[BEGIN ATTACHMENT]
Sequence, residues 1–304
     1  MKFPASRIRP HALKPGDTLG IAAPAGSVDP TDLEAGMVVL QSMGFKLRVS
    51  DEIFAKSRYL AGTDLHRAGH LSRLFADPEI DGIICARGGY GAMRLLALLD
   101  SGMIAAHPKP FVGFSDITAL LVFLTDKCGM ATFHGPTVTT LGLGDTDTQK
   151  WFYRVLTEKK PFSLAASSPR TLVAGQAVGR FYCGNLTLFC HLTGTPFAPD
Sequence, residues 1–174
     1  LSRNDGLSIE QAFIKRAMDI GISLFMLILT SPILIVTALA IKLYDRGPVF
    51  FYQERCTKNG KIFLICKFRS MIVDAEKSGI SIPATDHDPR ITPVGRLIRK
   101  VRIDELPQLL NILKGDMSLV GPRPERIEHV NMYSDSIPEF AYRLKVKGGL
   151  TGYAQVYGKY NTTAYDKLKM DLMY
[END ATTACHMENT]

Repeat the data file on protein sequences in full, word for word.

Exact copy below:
Sequence, residues 1–304
     1  MKFPASRIRP HALKPGDTLG IAAPAGSVDP TDLEAGMVVL QSMGFKLRVS
    51  DEIFAKSRYL AGTDLHRAGH LSRLFADPEI DGIICARGGY GAMRLLALLD
   101  SGMIAAHPKP FVGFSDITAL LVFLTDKCGM ATFHGPTVTT LGLGDTDTQK
   151  WFYRVLTEKK PFSLAASSPR TLVAGQAVGR FYCGNLTLFC HLTGTPFAPD
Sequence, residues 1–174
     1  LSRNDGLSIE QAFIKRAMDI GISLFMLILT SPILIVTALA IKLYDRGPVF
    51  FYQERCTKNG KIFLICKFRS MIVDAEKSGI SIPATDHDPR ITPVGRLIRK
   101  VRIDELPQLL NILKGDMSLV GPRPERIEHV NMYSDSIPEF AYRLKVKGGL
   151  TGYAQVYGKY NTTAYDKLKM DLMY